Canada has one of the best-developed infrastructures in the world. It meets the requirements for high-tech business and international trade. The telephone system is state-of-the-art and supported by a satellite system and 300 earth-based relay centers. There are also 5 international underwater cables (4 across the Atlantic and one across the Pacific). In addition, there are 750 Internet providers. All major cities have high-speed Internet capabilities. The nation's new CA*Net3 Internet system is scheduled to be completed in 2001. Canada has the lowest Internet access costs of the developed world. In 1997, there were an estimated 7-8 million Internet users, or about 1 in 4 Canadians.
Canada is an energy exporter. Its main exports are natural gas and oil. However, in 1998 the majority of electricity in Canada was produced by hydroelectric plants (59.77 percent). Fossil fuels provided the second-largest share of electricity with 27.18 percent of the total. Atomic power provided 12.25 percent. Total electric power production was 550.85 billion kilowatt hours (kWh). The nation consumed 484.51 billion kWh of electricity. It exported 39.5 billion kWh of power and imported 11.72 billion kWh of power.
|Country||Newspapers||Radios||TV Sets a||Cable subscribers a||Mobile Phones a||Fax Machines a||Personal Computers a||Internet Hosts b||Internet Users b|
|a Data are from International Telecommunication Union, World Telecommunication Development Report 1999 and are per 1,000 people.|
|b Data are from the Internet Software Consortium ( http://www.isc.org ) and are per 10,000 people.|
|SOURCE: World Bank. World Development Indicators 2000.|
The transport system is a blend of private and government-owned firms. Canada has 36,114 kilometers (22,441 miles) of railways, including 2 transcontinental systems. In 1995, the government privatized the freight carrier Canadian National. Passenger service is provided by the government-owned company VIA. There are 901,902 kilometers (560,442 miles) of roadways in the country, of which 318,371 kilometers (197,390 miles) are paved, including 16,571 kilometers (10,298 miles) of expressways. The nation's main east-west route is the 4,500-kilometer (2,796-mile) Trans-Canada Highway. All major cities have well-developed and inexpensive public transportation systems that are subsidized by provincial and local governments. The nation's trucking and rail systems are well-integrated with American distribution networks and vice versa. Each year some 400 million tons of goods are transported across Canadian highways. Trucks carry 70 percent of the goods that Canada annually exports to the United States. Canada has 1,411 airports, but only 515 have paved runways. Of these, 10 are international airports. There are also 15 heliports. U.S. and Canadian air carriers have unrestricted access to each other's airspace. Air Canada is the nation's major airline, but there are 25 U.S. and 47 other international airlines that fly into Canada. Air Canada controls 80 percent of the domestic market and this has led to higher than average air fares.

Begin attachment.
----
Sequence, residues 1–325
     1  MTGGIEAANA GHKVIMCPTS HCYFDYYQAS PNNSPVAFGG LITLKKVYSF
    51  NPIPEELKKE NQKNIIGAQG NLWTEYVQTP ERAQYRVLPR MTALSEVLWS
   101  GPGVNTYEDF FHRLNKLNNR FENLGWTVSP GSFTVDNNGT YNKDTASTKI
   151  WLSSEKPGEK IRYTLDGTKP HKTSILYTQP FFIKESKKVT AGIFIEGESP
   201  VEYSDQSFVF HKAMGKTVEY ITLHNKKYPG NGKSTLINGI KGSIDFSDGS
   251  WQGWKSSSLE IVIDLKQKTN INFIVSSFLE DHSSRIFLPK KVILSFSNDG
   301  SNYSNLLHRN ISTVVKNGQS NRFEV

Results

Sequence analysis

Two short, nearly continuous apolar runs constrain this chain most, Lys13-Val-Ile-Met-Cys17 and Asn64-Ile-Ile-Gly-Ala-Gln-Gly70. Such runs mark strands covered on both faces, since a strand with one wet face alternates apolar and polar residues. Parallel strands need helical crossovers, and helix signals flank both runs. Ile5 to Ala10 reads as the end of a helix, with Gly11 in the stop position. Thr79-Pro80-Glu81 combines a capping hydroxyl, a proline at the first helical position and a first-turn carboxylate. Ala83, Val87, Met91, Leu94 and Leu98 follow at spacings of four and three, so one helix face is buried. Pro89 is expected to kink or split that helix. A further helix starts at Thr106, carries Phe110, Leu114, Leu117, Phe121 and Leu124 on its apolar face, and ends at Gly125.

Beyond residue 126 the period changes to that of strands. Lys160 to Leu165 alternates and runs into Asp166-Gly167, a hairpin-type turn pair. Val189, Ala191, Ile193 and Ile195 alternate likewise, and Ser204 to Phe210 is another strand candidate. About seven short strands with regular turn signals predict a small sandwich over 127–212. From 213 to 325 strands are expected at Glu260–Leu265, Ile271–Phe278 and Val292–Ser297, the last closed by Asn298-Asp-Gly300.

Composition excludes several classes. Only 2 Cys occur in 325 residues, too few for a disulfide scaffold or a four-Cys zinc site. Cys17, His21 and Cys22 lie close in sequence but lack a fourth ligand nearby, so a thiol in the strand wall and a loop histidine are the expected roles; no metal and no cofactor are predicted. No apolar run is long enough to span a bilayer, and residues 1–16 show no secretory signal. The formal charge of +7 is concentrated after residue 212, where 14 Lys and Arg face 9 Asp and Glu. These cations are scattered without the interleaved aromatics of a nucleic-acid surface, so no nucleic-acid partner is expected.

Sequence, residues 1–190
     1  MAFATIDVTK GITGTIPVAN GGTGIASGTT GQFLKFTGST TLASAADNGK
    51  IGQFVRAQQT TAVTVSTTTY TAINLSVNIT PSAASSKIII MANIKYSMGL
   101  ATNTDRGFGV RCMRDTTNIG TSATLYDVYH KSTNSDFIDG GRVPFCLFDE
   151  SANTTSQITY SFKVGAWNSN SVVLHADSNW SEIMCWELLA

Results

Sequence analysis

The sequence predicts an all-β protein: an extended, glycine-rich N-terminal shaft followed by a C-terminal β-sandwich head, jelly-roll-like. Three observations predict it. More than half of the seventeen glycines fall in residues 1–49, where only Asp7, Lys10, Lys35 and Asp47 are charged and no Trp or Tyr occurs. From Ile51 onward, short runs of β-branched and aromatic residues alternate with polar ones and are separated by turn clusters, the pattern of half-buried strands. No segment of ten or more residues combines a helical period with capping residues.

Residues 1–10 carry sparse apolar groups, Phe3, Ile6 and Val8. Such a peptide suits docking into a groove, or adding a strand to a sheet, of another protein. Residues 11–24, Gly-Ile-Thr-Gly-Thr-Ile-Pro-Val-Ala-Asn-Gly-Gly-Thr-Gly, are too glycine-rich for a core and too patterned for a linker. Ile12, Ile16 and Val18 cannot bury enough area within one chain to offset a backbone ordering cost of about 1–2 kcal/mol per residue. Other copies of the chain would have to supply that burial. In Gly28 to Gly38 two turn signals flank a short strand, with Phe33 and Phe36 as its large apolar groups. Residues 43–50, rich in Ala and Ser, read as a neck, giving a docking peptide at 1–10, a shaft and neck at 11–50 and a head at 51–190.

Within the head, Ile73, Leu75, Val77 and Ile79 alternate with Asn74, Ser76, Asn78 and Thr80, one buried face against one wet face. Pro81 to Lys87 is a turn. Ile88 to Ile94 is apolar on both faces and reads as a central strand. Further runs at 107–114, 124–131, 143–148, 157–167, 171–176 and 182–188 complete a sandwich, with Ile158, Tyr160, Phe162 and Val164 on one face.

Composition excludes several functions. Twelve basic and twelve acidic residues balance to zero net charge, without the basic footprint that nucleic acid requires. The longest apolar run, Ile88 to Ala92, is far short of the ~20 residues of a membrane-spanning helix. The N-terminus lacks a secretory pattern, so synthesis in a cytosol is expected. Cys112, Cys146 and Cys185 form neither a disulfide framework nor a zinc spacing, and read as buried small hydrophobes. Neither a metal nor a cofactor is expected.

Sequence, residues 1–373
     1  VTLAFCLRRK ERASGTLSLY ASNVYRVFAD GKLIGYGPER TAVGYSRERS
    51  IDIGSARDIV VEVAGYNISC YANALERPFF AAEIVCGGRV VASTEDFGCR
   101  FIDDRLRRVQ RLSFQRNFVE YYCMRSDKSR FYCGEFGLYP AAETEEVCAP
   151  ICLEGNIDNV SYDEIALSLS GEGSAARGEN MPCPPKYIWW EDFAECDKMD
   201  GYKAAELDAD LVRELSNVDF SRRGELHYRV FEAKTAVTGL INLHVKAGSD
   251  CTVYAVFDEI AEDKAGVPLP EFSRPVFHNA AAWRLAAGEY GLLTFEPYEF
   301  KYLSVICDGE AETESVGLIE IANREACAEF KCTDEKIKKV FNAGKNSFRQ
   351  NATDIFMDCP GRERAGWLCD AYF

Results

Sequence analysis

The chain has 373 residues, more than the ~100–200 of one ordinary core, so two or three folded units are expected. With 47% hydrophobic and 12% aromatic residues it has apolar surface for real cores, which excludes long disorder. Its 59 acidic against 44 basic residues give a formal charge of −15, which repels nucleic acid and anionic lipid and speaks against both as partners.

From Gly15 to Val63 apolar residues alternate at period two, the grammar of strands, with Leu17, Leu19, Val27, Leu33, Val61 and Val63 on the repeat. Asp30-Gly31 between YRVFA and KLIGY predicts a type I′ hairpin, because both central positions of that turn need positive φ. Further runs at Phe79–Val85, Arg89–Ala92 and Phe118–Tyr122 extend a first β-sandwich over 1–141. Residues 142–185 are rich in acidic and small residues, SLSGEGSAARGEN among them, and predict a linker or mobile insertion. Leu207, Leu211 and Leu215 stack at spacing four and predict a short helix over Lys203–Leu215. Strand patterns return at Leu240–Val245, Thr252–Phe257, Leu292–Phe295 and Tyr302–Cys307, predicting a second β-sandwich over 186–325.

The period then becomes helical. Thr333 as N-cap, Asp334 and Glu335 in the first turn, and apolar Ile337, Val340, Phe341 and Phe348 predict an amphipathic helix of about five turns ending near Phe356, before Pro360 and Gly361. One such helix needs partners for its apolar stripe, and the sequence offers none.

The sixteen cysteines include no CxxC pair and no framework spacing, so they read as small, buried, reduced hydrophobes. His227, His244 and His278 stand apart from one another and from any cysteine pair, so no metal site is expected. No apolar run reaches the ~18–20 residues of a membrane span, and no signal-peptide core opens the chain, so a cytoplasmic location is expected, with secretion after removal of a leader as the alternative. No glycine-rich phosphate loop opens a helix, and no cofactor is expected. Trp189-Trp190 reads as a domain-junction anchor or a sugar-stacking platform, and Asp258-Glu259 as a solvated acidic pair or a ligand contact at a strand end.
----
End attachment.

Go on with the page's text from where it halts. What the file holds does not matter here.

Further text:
There are 3,000 kilometers (1,864 miles) of navigable waterways, including the massive Saint Lawrence Seaway which allows ocean-going vessels to sail from the Atlantic to ports such as Chicago and Thunder Bay, Ontario. There are 20 major ports, including Halifax, Montreal, Quebec, Saint John, Thunder Bay, Toronto, Vancouver, and Windsor. The busiest port is Vancouver, on the west coast. The nation's merchant marine consists of 114 ships, not including smaller vessels that travel only on the Great Lakes. Canada has an extensive network of pipelines to support its large energy industry. There are 23,564 kilometers (14,642 miles) of crude or refined oil pipelines and 74,980 kilometers (46,593 miles) of natural gas pipelines. Many of these pipelines deliver energy across the U.S.-Canada border.